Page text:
Shadow of a Hero

About the Book

A British girl whose parents have emigrated from a minor Balkan racial group returns to her homeland and is caught up in the turmoil following collapse of communism.

Author Comment

This book belongs with AK, in that it’s an attempt to help people understand what it might feel like to be involved in a particular kind of dangerous and possibly murderous political mess, in this case the mayhem in the Balkans that followed the break-up of communism. How could ordinary people, Europeans, apparently much more similar to ourselves than the Africans of AK, nurture such hatreds and fears that they were prepared to go out and massacre complete villages of neighbours they’d lived alongside in apparent peace for a whole generation? This was going to involve me in a lot of political exposition, so (as with A Bone from a Dry Sea, but the other way round) I inserted a set of legends about a national hero between the main chapters to provide a bit of derring-do action.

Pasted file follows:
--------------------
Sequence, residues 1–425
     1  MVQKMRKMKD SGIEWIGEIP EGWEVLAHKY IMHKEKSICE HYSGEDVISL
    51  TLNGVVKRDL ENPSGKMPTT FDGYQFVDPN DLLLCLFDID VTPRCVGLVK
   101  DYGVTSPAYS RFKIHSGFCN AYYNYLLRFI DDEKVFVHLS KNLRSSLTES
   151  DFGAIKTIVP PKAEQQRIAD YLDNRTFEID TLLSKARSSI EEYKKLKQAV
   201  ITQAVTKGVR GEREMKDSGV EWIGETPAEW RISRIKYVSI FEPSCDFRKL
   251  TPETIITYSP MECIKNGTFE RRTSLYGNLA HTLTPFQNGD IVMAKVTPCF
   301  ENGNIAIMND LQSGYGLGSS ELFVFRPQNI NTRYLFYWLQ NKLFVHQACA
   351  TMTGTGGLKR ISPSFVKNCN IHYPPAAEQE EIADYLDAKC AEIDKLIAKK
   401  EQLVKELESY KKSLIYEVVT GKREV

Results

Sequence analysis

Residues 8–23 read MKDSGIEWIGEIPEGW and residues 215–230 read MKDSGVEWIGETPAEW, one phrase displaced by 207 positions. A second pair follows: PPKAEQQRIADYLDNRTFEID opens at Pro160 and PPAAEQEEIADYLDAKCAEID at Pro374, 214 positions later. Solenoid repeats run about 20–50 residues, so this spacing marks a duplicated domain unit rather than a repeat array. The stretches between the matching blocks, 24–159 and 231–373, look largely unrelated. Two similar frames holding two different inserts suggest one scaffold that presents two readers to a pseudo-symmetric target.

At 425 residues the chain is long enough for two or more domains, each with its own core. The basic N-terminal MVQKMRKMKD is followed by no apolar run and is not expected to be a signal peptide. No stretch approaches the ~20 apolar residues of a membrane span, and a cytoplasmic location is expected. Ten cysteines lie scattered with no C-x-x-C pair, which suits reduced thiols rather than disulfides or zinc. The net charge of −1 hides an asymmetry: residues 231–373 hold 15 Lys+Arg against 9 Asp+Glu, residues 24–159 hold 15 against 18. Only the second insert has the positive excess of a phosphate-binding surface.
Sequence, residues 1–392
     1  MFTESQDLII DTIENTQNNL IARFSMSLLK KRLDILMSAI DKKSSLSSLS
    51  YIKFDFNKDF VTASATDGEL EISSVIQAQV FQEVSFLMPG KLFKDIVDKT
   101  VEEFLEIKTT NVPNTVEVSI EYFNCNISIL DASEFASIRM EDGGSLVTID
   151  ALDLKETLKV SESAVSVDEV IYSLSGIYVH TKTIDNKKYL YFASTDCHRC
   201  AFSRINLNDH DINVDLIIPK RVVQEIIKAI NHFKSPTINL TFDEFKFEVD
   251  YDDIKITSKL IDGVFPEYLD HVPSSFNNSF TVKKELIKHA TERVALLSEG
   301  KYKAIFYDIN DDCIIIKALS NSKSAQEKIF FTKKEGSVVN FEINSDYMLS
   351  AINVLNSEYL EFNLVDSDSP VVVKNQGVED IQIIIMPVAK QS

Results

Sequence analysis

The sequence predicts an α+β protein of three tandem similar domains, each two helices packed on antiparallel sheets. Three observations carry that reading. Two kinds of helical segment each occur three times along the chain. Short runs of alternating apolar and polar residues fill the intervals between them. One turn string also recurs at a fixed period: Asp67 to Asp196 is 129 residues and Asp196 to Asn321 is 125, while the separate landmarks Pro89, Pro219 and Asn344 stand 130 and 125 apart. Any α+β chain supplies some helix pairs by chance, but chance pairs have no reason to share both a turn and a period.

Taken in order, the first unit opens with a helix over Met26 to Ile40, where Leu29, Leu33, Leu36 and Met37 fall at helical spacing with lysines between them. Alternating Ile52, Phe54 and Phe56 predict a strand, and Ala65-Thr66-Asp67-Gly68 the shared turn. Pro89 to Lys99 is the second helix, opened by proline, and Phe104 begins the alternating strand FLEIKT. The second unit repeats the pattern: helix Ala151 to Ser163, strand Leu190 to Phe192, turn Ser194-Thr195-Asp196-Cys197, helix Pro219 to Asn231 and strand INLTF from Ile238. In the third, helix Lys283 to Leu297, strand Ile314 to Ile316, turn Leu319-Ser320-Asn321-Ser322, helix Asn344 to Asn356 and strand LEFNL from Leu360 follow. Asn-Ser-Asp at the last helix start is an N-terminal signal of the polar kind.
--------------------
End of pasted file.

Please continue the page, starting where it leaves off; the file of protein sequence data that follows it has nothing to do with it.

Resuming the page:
A Publishers Weekly Choice of the Year’s Best Books - 1994


Spine-tingling and moving as it is thought-provoking...extraordinary. Publishers Weekly (Starred review)

Beautifully told. Times Educational Supplement

The power, versatility, sheer professionalism of [Peter Dickinson's] new book are such as few writers, past or present, can hope to match. A great and eloquent story...relentlessly readable. Junior Bookshelf

Riveting. Guardian

Thought-provoking and expertly told. Kirkus Reviews


Gollancz, UK - 1994

Delacorte, US - 1994

Corgi, UK - 1996

Open Road, US - 2015